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I asked for sports column ideas during the pandemic, and you have not disappointed

Matt Nagy’s visor, the Stormy Daniels novel I didn’t know I was writing and, of course, the Bobby Hull trade.

A poster offering help to people in need during the coronavirus pandemic hangs outside Wrigley Field on Thursday on what was to be Opening Day for Major League Baseball.
Photo by Scott Olson/Getty Images

Friends, family and acquaintances are asking me the same thing, from a six-foot distance: ‘‘What in the world can you write about with the coronavirus having shut down sports?’’

It’s an excellent question. There are no games being played, no coaches being fired and fewer dumb decisions being made than normal. It’s a columnist’s nightmare — or it can lead to one, at least.

I woke up in the middle of a bad dream early Monday. I was at Yankee Stadium, deadline was 45 minutes away and I hadn’t written a word about whatever it was I was supposed to be writing about, which was a complete mystery to me. I looked up in panic, and there was fellow Chicago Sun-Times columnist Rick Telander putting the final flourish on a masterpiece, one hand on the keyboard, the other in the air, as though he were holding the final note on a guitar solo. His colored pens were lined up neatly, and his face was a picture of self-satisfied accomplishment. Such organizational skills! Such devotion to his craft! Such thoughtfulness for the editors at the office waiting for his column!

And me? A deadbeat. A ne’er-do-well. A man about to deliver a page of blank space to readers of this newspaper.

My terror clearly comes from our current state of nothingness.

In a column March 15, with the NBA shutting down and the reality of COVID-19 hitting us full force, I saw a future for the Chicago sports fan that included a lot of 1985 Bears retrospectives offered by the media. I wasn’t far off. When in doubt, when in isolation, fall back on the Bears, Michael Jordan or the Bears. And so we are.

I asked readers for column ideas because the future I feared included the very real possibility I’d be forced to write a three-part series on speed-walking. Here are some of your suggestions. I hope they will help me sleep during the next few months:

As you write for a living, what about serializing that novel I suspect you’ve been working on? ‘‘Twilight’’ has already had vampires playing baseball, so you can’t go that route. Sex sells, so how about Stormy Daniels being awarded billions in a lawsuit against a trillionaire, and she buys a basketball team? ‘‘Slam Junk’’ would be an apt title. — Paul

Dammit, Paul! Now my novel is out there for anyone to steal!

I’ve got a 7-year-old phenom grandson out here in New Lenox you can interview! Three-sport stud. — Chuck

If he shows up an hour late for the interview or says, ‘‘Let’s make this quick, I’ve got a conference call with my agents,’’ I’m done.

During the football season, I suggested addressing under what conditions it may or may not make sense for a bald man to wear a visor. You could interview experts on whether an exceptionally warm or cold brainpan could affect decision-making. Also the implications of sunburning. It would be an admirable achievement if you get a whole column out of that. — Jeph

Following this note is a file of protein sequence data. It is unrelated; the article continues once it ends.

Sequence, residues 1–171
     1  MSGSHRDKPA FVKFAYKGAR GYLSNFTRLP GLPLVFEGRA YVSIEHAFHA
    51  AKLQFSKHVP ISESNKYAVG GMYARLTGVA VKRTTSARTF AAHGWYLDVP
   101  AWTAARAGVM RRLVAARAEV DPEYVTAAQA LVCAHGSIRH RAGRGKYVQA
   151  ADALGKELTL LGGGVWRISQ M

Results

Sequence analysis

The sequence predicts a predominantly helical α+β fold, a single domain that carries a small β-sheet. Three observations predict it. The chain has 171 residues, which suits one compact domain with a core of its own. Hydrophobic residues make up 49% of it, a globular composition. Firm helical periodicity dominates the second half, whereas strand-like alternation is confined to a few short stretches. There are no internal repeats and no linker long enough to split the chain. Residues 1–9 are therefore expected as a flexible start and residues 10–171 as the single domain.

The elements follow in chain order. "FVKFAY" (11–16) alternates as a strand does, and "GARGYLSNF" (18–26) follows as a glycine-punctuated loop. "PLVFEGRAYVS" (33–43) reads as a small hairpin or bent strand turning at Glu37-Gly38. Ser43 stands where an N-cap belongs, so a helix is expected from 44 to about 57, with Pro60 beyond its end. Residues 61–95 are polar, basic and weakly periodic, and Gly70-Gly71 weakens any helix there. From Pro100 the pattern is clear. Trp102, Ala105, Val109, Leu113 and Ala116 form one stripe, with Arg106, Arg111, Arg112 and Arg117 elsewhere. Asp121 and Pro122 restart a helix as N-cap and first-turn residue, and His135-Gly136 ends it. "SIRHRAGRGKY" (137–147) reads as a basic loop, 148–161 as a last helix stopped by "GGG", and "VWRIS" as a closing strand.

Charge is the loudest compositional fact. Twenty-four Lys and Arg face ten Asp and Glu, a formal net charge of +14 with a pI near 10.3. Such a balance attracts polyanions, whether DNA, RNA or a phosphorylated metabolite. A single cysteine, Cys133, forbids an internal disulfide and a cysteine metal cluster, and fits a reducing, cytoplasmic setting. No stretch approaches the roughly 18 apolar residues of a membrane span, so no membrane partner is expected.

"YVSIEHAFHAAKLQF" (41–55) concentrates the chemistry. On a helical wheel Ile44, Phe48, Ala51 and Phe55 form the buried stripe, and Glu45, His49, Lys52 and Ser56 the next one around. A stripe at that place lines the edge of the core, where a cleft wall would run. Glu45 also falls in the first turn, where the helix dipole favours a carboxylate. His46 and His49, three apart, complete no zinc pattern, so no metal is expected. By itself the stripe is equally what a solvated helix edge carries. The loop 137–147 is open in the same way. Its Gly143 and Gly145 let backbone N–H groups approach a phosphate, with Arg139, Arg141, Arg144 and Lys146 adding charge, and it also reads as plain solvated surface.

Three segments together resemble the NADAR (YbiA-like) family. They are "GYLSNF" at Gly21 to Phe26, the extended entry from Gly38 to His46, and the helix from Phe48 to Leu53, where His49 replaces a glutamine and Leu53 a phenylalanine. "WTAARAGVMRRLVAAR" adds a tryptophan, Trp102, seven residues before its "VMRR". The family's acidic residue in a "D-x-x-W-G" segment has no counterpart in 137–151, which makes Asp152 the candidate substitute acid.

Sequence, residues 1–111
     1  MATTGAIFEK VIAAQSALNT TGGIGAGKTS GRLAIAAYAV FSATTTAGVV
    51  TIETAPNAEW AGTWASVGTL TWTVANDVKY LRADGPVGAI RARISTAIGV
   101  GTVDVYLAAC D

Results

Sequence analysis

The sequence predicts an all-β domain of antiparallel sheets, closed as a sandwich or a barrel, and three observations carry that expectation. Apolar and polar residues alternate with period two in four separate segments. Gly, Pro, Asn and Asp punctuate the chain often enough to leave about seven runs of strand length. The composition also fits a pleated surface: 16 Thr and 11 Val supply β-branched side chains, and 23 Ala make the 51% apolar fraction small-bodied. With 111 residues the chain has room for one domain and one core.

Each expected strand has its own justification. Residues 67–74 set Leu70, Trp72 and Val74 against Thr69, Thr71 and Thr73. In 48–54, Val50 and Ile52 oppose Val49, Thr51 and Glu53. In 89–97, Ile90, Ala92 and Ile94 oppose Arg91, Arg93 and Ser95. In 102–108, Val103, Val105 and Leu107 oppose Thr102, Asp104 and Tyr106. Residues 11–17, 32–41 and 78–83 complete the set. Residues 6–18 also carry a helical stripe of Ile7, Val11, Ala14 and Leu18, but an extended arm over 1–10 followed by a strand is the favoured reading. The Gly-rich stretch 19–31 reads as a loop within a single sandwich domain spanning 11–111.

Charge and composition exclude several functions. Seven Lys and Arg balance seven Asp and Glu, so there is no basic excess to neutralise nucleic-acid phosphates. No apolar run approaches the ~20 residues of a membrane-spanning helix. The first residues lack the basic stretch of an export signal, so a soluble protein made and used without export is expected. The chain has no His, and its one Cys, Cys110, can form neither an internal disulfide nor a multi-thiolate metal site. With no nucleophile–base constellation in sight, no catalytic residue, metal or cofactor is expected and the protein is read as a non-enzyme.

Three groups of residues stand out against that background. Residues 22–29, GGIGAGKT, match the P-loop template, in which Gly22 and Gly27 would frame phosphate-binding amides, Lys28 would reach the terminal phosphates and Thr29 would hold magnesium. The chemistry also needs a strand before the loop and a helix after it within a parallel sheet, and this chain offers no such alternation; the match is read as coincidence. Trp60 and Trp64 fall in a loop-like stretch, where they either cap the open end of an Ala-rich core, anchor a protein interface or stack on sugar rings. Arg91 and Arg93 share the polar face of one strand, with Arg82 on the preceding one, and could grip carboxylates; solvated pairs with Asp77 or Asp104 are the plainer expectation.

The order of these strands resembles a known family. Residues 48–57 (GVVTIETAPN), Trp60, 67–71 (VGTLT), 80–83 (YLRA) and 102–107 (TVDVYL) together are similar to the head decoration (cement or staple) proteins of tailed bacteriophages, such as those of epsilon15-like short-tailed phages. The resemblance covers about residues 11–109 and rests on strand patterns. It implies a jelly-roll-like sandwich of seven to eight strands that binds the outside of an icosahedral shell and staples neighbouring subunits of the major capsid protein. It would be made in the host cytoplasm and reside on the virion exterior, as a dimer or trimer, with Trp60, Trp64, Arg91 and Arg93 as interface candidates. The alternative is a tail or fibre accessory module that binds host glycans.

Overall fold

Ah, yes, coach Matt Nagy’s habit of wearing a visor atop his domed stadium of a head. I tweeted about it during the Bears-Packers game Dec. 15 in Green Bay: ‘‘Nagy is wearing a visor with the wind chill at 0. He looks and probably feels like a Popsicle.’’ This isn’t just ‘‘a whole column’’ under today’s circumstances, Jeph. This is a 10-part exploration with graphs, charts and reader contests!

You could do a Where Are They Now on all the players from the ’85 Bears. Feature one player each day. That would cover a lot of columns. — Kelly

I think we did that last year. And the year before. And the . . . . You’re right, that would indeed fill a lot of columns. Coming Wednesday: Maury Buford, When Punters Were Punters.

How could the Hawks let Bobby Hull go?!! — Gene

I get this question every 40 years or so. And yet . . .

If you think the Bears should make a move, who would be the best quarterbacks on the market to replace Mitch Trubisky? But who knows . . . maybe he’ll have a better season this year! — Elliott

Elliott wrote this before the Bears traded for Nick Foles. But to answer his question, Tom Brady or Teddy Bridgewater were the right answer. Elliott’s wait-till-next-year hope for Trubisky is one Bears general manager Ryan Pace holds in his heart. In fact, I have a strong suspicion that ‘‘Elliott’’ is actually ‘‘Ryan’’ in real life. That means Elliott’s next news conference will be in a year.

Anything about Cutler. Anything about Pace. — Karen

I miss everything about Jay Cutler. The smirks. The sneers. The column fodder. Come back, Jay! But I know that’s not going to happen. Karen is right, though: There’s always Pace. Where there’s Pace, there’s Trubisky. And where there’s Trubisky, there are enough columns to outlast a nuclear winter.

Where in the world did Gar Forman come from? I defy any ordinary sports fan to list one accomplishment of his or one job he held before becoming what he is or isn’t with the Bulls. — Nick

The GM came from the mind of Joe Cowley, the Sun-Times’ Bulls beat writer, in much the same way that the McCaskeys, the family that owns the Bears, came from my mind. For sportswriters, they are the gifts that just keep giving. I Googled ‘‘Fire Gar’’ and got 145 million hits in .49 seconds. People care. In the same vein, I figure there are enough future columns about the McCaskeys to outlast a nuclear winter and an Ice Age. Column Nos. 1, 15, 47 and 92: Dear Virginia, please sell the team!